Speaking of oil, vegetable oil…I don’t use it that much, usually only for baking at the holidays and didn’t know that vegetable oil would go bad. Once made a rum cake for a Christmas party with it. Worst tasting cake ever. Now, I just throw out my vegetable oil in December and get a small bottle for the season’s baking!

  10. (Best thread ever. I don’t remember when I’ve had so much fun reading comments.)
    I was over at a relative’s house for Thanksgiving. It’s a big family. A huge turkey was in the oven, but what with all the talking and carrying on it hadn’t been basted enough. The hostess and I were in the kitchen and noticed the burning smell as the juices reached the totally evaporated stage. The turkey was in a pyrex glass pan.
    “Just add a bit of water before it gets more scorched,” I said efficiently. “and it’ll be fine. The pan is pyrex, so there won’t be a problem,” says the scientist who deals with heatproof lab glassware all the time.
    She pours on a cup of water, the glass shatters with a crack like an explosion, and we’re picking shards out of the bottom of a turkey you can barely lift.
    She was really nice about it. We got the skin off on the underside. Put it in a new, greased (metal!) pan, and finished roasting it. No emergency room visits at dinner and nobody found out. Two of the relatives are lawyers.

  11. Interesting how many of us have Thanksgiving disasters to relate. The very first Thanksgiving dinner I ever prepared was for 13 in our tiny apartment in Santa Monica. It all went well, except that when we set the dishes in the kitchen after the meal, they were immediately attacked by ants. (And the fridge did not have room for everything, that’s why so much was still sitting out.) A few days later I was baking something and a horrible burnt smell came from the oven. Turns out I had left a pan of butterflake rolls in there and forgotten all about them.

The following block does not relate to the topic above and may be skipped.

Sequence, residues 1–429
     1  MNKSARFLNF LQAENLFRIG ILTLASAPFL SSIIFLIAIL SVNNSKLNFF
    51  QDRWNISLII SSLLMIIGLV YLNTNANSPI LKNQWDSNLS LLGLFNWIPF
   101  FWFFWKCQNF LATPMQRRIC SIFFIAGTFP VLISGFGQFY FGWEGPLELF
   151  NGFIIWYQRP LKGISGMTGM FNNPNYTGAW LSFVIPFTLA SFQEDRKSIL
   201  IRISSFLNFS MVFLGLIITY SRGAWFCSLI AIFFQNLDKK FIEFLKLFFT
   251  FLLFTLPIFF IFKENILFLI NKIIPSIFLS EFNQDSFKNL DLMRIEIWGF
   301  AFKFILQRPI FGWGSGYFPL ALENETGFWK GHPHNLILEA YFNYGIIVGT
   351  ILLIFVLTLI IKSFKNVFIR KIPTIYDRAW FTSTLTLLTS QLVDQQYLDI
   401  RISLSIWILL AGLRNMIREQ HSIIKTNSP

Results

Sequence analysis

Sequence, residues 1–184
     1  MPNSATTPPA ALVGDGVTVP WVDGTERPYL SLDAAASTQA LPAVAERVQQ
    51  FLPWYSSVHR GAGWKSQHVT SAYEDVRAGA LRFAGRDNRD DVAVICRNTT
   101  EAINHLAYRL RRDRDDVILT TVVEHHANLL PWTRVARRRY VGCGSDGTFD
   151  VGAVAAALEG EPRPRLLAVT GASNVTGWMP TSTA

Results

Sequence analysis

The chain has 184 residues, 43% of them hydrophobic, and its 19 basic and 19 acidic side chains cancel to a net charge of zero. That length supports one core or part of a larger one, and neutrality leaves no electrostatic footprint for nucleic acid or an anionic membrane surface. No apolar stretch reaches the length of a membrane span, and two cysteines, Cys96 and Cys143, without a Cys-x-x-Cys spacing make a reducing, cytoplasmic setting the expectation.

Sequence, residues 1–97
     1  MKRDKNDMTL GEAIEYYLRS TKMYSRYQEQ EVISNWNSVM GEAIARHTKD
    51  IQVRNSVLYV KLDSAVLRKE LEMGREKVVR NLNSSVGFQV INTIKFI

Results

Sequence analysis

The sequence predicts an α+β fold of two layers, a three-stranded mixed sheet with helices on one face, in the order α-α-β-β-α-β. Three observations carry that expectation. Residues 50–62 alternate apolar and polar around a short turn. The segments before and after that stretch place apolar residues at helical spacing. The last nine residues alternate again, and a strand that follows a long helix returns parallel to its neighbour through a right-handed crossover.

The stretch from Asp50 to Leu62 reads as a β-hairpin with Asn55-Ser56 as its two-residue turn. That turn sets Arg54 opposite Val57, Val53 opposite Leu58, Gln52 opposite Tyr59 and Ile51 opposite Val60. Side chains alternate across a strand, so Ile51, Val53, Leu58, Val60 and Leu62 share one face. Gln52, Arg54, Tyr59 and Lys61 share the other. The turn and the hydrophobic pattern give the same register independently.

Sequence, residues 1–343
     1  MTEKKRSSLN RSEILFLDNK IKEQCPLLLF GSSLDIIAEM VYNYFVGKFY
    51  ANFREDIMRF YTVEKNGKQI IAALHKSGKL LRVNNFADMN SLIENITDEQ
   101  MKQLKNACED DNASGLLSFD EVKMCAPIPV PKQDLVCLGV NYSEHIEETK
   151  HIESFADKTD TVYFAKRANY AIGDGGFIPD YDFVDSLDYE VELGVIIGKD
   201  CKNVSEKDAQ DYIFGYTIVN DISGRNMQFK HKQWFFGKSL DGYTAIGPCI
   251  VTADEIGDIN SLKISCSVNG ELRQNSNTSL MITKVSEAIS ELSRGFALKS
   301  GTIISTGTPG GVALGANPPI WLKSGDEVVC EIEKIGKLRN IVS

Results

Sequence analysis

Many years later, we had friends over for Thanksgiving dinner, and the turkey was just taking FOREVER to roast. Turns out the heating element in the bottom of the oven had given up the ghost, so the bird cooked on top only. We somehow managed to extract enough cooked meat to serve the four people eating that day. Yikes.

  12. Newly married, had a couple of my husband’s colleagues for dinner. After dinner tried out our espresso machine for the first time. Just great until it exploded, sending coffee grounds all over our kitchen wall and ceiling. Ceiling grounds were still there when we moved six months later.